I spoke to several people – Winton fans familiar with all his books – during and after reading Cloudstreet. Just last night I went to see the new Paul Kelly doco Stories Of Me; a particularly nice touch, during the closing credits, is the listing, under each of the major players in its making, of their favourite Paul Kelly song. Similarly, Winton fans have strong opinions on their favourite among his books – I have been recommended Dirt Music, The Riders, even Breath (even though Andy says it’s probably his least favourite). Kelly is lauded for the “Australian-ness” of his music; you could certainly lay a similar charge at Winton’s writing. As I have – happily – said so many times before during this Reading Challenge, here’s another author of whom I will definitely be reading more. Sometime. Hopefully soon.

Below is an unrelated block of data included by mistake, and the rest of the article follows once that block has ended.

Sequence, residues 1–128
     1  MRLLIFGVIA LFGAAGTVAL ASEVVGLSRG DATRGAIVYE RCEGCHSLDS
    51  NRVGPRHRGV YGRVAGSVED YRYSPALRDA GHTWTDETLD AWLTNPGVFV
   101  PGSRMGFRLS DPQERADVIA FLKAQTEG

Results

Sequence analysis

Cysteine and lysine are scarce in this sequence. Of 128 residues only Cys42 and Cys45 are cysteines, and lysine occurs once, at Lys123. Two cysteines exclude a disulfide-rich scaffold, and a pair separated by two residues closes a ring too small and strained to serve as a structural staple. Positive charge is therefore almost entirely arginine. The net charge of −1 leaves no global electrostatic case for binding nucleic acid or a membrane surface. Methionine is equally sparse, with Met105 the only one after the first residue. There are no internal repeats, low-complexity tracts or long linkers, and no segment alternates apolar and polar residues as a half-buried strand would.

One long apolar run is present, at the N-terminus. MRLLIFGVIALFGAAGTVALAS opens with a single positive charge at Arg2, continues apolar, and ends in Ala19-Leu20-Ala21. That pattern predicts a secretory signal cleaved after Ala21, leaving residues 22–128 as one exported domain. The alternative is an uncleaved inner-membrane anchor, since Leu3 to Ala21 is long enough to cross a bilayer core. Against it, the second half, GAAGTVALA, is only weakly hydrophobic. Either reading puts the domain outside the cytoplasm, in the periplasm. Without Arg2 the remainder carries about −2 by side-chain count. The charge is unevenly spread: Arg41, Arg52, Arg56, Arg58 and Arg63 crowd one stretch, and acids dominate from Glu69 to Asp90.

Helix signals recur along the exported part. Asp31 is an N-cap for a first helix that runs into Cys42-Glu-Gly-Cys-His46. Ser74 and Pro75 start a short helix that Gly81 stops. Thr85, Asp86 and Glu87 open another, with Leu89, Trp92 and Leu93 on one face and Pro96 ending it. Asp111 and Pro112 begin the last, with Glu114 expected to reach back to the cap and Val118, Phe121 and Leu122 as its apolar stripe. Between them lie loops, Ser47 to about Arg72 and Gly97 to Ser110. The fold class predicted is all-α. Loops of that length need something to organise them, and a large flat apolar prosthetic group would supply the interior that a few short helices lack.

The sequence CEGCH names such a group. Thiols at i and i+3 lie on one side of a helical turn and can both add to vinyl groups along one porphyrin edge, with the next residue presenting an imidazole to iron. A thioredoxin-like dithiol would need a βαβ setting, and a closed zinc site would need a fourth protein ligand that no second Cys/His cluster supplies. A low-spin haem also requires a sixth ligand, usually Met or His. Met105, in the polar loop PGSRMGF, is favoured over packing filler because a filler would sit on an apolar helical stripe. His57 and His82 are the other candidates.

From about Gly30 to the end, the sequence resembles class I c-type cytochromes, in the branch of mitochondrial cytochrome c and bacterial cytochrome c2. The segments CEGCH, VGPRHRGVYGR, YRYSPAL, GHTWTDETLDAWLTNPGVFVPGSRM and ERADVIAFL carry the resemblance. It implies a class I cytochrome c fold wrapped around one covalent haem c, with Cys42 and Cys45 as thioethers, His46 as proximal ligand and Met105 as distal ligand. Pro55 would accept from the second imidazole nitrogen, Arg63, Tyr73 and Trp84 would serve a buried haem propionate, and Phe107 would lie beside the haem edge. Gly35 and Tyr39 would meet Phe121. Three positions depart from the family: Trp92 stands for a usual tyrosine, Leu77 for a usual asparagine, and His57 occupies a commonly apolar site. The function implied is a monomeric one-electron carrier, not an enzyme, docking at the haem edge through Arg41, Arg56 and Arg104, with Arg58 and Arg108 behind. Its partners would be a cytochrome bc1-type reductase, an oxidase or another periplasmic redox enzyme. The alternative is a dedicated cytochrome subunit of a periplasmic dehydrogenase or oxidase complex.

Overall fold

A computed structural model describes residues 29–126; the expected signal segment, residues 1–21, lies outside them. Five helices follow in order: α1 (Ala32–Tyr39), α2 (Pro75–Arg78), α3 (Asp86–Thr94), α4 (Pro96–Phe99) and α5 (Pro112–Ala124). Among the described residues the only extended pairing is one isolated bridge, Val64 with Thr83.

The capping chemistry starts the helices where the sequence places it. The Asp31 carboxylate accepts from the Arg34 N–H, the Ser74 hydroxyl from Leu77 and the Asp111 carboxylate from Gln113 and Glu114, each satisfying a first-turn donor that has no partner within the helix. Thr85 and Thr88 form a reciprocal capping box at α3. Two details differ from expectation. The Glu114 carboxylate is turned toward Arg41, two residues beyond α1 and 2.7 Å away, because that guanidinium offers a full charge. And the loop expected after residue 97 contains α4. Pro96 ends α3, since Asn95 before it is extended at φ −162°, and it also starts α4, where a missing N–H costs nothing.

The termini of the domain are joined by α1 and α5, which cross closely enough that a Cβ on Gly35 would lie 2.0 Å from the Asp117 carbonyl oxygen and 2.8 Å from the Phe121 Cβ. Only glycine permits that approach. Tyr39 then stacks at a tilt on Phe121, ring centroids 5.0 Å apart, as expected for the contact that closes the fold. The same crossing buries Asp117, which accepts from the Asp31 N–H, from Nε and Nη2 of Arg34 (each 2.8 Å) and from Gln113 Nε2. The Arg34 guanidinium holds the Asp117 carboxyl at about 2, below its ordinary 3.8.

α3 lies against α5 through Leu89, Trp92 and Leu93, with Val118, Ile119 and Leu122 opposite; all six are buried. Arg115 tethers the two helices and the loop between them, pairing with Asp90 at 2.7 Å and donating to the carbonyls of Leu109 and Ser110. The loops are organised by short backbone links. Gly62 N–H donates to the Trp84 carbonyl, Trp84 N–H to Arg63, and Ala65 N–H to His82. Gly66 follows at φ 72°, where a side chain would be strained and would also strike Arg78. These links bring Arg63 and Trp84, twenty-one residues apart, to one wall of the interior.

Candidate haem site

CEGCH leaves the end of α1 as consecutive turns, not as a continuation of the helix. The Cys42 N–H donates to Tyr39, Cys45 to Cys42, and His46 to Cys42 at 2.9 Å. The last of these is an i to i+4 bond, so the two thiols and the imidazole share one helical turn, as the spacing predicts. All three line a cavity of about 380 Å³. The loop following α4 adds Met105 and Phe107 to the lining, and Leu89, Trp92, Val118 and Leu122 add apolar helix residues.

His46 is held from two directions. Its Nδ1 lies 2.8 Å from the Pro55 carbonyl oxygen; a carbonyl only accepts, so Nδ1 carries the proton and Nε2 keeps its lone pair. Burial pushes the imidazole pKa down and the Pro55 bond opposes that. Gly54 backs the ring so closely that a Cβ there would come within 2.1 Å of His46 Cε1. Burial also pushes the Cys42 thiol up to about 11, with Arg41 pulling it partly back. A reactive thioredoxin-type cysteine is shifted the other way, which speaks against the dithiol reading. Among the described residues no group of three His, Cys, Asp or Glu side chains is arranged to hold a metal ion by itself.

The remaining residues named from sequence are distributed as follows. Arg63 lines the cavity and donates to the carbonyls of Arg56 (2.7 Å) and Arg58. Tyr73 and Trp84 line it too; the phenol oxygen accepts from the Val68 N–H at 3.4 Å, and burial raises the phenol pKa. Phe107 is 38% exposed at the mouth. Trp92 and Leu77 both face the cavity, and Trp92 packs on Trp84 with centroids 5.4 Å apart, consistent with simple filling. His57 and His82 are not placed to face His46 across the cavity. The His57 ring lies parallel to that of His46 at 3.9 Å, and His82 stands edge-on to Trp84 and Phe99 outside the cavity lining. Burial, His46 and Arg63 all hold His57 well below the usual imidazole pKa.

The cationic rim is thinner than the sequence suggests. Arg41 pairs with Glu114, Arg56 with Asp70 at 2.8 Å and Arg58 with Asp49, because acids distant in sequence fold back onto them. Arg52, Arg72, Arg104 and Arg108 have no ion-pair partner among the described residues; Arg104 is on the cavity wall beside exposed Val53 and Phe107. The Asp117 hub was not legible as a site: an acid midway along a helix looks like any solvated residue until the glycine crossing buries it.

Eeegads. There are just so many books to read. So many, many books …

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Flaubert’s Parrot – Andy gets in a flap with Julian

October 15, 2012

Not that Flaubert’s parrot had much chance to flap. Not when Flaubert knew it, anyway.

Flaw Bear. I’m reasonably certain that’s how it’s pronounced. And I completely disagree with the suggestion, made, apparently by one of Flaubert’s friends after the writer’s death, that Bovary should be pronounced Bovvery. To rhyme with bother, but with an “ee” at the ends. Bollocks to that. Alzhough I guess if you try it wizz a Fraunch acsaunt…

I really enjoyed this. I shall pre-empt Netty and let you know that she did too. She’s never read Madame Bovary. I have, but so long ago I’ve forgotten most of it. A detailed knowledge of Flaubert’s masterpiece will make Julian Barnes’s novel even better. But you don’t actually need to know too much about Bovary to enjoy the Parrot. It’s funny and enlightening and entertaining and – gobsmacking – even maybe sort of educational, and you don’t need to know who Emma Bovary was fucking on the side to appreciate all of this.